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|Title:||Essential tremor-the most common movement disorder in older people.|
|Citation:||AGE AGEING, 2006, 35 (4), pp. 344-349|
|Abstract:||Essential tremor (ET) affects approximately 4% of the population above 65 years of age. The traditional view that ET is a familial monosymptomatic disorder with a benign prognosis has recently been challenged, as it is now known to be a progressive and clinically heterogeneous condition with sporadic and familial forms. The pathogenesis of ET is not fully understood, though a disordered central mechanism is the most likely site of origin with possible modulation by muscle adrenoreceptors. The limited post-mortem studies have not shown consistent abnormalities in the brains of ET patients. ET is often misdiagnosed as Parkinson's disease, particularly in the older population. Tremor amplitude increases with age, accounting for substantial disability in older people. Current therapy (drugs and neurosurgery) has significant limitations in older people. A better understanding of its pathophysiology in the future will help in developing more effective therapy, including neuroprotective strategies.|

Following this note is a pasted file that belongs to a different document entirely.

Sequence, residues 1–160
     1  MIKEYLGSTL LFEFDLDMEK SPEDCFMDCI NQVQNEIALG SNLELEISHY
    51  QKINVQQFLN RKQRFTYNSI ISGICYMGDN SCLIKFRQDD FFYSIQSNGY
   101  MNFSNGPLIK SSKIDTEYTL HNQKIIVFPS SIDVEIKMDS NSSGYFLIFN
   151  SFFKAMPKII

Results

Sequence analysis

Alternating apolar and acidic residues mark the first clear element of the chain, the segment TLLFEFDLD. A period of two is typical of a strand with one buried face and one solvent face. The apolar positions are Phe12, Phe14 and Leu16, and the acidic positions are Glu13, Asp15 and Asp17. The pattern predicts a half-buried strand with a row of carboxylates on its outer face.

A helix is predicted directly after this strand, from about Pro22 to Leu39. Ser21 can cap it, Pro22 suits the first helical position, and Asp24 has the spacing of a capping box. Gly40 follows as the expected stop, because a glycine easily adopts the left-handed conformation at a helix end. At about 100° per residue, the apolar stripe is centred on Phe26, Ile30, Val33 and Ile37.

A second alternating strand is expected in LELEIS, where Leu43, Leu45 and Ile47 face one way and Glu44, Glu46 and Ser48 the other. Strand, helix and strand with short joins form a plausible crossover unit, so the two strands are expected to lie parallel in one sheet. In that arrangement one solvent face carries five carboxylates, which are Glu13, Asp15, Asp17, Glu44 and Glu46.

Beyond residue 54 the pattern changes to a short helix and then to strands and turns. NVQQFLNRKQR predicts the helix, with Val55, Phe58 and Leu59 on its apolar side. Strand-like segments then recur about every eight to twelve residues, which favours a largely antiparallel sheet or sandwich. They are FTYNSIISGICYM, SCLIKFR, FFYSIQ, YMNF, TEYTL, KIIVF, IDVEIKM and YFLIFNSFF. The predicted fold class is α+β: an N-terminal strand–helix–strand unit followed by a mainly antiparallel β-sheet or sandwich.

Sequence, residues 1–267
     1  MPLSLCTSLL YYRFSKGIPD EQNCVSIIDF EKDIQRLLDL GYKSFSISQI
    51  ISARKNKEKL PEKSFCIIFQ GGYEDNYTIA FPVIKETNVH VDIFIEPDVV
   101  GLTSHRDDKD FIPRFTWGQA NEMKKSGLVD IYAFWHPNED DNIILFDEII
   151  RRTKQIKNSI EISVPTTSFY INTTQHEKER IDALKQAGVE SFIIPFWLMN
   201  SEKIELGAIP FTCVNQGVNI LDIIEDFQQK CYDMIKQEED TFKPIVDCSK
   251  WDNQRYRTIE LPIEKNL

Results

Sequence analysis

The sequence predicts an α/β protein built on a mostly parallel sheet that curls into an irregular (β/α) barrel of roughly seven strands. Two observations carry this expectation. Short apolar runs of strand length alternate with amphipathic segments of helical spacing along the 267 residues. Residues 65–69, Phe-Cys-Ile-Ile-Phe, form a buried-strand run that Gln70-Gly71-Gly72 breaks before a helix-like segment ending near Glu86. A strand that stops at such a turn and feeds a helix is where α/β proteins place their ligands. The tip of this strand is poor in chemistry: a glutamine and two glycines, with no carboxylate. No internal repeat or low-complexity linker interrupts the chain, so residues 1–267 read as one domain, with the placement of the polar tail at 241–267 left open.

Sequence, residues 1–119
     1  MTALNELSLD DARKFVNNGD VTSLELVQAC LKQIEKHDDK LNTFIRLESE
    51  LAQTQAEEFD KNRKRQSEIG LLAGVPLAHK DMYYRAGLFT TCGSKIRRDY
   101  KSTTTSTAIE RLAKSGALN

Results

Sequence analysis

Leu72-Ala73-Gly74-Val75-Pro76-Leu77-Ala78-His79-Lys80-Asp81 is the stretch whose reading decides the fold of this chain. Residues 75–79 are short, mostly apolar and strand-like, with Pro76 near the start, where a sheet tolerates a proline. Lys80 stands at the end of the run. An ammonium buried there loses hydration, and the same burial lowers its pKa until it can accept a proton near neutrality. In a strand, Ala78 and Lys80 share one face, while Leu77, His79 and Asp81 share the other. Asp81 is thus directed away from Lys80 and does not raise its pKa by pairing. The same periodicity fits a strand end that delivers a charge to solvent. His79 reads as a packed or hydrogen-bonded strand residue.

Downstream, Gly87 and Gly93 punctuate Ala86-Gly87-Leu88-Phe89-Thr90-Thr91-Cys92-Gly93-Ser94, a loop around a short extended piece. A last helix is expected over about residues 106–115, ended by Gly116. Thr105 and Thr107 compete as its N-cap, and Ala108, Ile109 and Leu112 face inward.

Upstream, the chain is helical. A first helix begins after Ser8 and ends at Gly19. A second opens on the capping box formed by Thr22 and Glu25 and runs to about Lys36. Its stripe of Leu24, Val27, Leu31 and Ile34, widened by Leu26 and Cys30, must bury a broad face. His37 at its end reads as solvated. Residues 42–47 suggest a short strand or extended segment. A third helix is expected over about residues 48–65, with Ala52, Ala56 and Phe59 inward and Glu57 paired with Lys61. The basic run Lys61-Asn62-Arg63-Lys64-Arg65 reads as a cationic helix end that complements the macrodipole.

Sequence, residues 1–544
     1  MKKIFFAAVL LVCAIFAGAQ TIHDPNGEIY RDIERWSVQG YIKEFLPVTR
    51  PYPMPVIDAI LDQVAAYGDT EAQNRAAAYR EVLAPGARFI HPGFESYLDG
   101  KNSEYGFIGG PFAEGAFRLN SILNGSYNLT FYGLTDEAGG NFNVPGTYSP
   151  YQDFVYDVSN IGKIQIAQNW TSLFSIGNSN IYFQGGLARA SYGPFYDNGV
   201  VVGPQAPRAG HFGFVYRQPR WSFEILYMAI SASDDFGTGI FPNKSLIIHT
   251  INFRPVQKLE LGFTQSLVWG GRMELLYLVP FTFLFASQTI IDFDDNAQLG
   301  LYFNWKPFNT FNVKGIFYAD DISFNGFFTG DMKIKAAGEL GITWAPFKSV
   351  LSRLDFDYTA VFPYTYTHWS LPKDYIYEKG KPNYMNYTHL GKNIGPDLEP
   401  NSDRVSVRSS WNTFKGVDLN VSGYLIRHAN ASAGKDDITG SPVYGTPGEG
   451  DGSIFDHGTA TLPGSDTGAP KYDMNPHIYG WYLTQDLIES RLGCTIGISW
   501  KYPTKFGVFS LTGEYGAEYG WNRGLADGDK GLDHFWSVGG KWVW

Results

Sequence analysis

|Appears in Collections:||Published Articles, Dept. of Cardiovascular Sciences|
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